Analyzing Psychological Disorders
In an attempt to gain a position as a psychologist, I will be discussing schizophrenia and the disorder’s casual factors, associated symptoms, the areas of the brain it affects, and the neural basis of the disorder. I will continue on to discuss appropriate drug therapies. In addition I will also be reviewing two separate case studies, each on a different disorder. I will be examining each problem from the perspective of a bio psychologist. I will define the patient’s diagnosis at length I will relate each case to the nature-nurture theory, and talk about any helpful drug interventions or solutions for each disorder. When talking about drug intervention, it is also important to discuss the positive and negative effects that the drugs may have on the patient. Lastly I will discuss any treatment methods that have been found through research to be effective for both disorders.
Schizophrenia is defined as “a group of severe brain disorders in which people interpret reality abnormally” ("Mayo Clinic", 1998-2012). Symptoms of schizophrenia include delusions, hallucinations, incoherent speech or thought, difficulty performing everyday tasks, lack of emotion, inability to experience pleasure, and social withdrawal. It is not known exactly what causes schizophrenia, but some researchers believe that genetics and a person’s environment play a role in developing the disease. There is a 10% chance of schizophrenia occurring in a close relative of a patient with schizophrenia. Certain events may trigger schizophrenia in people who are at risk for it because of their genes. The neural basis of schizophrenia can include structural deformities of the hindbrain, forebrain and limbic system. Schizophrenia may be caused, in some measure, by an imbalance of chemicals in the brain. Neurotransmitters are the chemicals which allow messages to be sent between nerves and other nerves, organs, muscles and tissues. Large amounts of the neurotransmitter dopamine are connected with schizophrenia. Serotonin, glutamate, gamma amino butyric acid and acetylcholine are other neurotransmitters that may play a role in the development of schizophrenia. Different types of schizophrenia include paranoid, catatonic, disorganized, and childhood schizophrenia, as well as schizoid personality disorder, schizoaffective disorder, and schizotypal personality disorder. Schizophrenia is a chronic condition, meaning a person with this disease requires lifelong treatment. Schizophrenia can be treated with anti-psychotics. They alter the balance of chemicals in the brain and can help regulate symptoms. These medications are normally beneficial, but they can have side effects. Some drugs that may be used include Abilify, Zyprexa, Seroquel, and Risperdal. Some negative side effects of these antipsychotics include weight gain, diabetes, and high blood pressure. Families and society are affected by schizophrenia too. Many people with schizophrenia have difficulty holding a job or caring for themselves, so they rely on others for help. Therapy may be effective for many people with schizophrenia. Behavioral methods, such as social skills training, can be utilized to enhance social and work functioning. Job training and relationship-building programs are also important. Family of a person with schizophrenia ought to be informed about the disorder and offered support. Programs that have outreach and community support services can aid those who lack family and social support. Often, symptoms improve with medication. Still, some people might have difficulty functioning and are in jeopardy of having recurrent episodes, particularly in the early phases of the disease. The average life expectancy of people with the disorder is 12 to 15 years less than those without.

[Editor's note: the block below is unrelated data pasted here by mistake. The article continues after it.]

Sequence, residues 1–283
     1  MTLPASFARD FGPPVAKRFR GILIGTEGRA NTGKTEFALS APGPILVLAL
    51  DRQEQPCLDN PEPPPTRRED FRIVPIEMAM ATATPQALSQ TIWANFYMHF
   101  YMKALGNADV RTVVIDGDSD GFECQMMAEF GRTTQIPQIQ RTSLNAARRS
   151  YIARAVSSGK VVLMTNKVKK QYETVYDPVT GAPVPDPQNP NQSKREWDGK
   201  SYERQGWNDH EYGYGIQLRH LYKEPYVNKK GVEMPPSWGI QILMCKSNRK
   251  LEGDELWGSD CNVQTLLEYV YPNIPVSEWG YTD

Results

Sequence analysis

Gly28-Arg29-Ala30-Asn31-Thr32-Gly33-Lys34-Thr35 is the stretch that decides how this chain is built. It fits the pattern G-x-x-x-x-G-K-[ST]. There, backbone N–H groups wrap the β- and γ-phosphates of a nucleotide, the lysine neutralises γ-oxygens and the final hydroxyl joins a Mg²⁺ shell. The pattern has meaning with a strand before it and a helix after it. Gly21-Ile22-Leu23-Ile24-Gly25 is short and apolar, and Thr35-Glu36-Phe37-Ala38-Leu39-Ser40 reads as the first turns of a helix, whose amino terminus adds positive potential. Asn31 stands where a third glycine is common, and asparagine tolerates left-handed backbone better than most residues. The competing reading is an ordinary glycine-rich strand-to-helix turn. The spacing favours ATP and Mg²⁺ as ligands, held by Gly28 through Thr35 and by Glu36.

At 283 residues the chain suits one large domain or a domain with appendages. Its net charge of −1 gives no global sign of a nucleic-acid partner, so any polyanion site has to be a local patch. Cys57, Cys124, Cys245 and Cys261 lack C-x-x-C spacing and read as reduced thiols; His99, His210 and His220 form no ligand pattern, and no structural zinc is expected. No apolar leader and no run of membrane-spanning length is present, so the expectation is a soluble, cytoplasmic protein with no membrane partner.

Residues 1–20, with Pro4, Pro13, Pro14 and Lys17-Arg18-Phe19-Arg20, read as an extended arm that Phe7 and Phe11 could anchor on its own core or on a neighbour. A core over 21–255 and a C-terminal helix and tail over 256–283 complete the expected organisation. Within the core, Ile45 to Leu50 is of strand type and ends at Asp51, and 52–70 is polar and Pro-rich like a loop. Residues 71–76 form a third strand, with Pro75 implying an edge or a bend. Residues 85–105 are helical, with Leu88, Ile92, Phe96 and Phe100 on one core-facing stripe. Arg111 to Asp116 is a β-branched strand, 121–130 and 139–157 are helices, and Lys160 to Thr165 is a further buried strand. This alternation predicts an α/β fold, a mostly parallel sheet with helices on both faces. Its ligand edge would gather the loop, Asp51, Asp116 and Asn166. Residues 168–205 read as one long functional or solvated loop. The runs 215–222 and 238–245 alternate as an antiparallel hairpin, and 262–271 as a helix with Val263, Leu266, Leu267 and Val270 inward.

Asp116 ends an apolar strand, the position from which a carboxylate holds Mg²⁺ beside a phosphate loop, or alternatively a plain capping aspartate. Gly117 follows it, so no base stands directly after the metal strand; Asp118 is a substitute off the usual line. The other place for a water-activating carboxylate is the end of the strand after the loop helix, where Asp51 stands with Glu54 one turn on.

Beth is suffering from a serious eating disorder known as Anorexia Nervosa. Beth has a seriously intense fear of gaining weight. Anorexic’s limit the amount of food they eat to...
Please join StudyMode to read the full document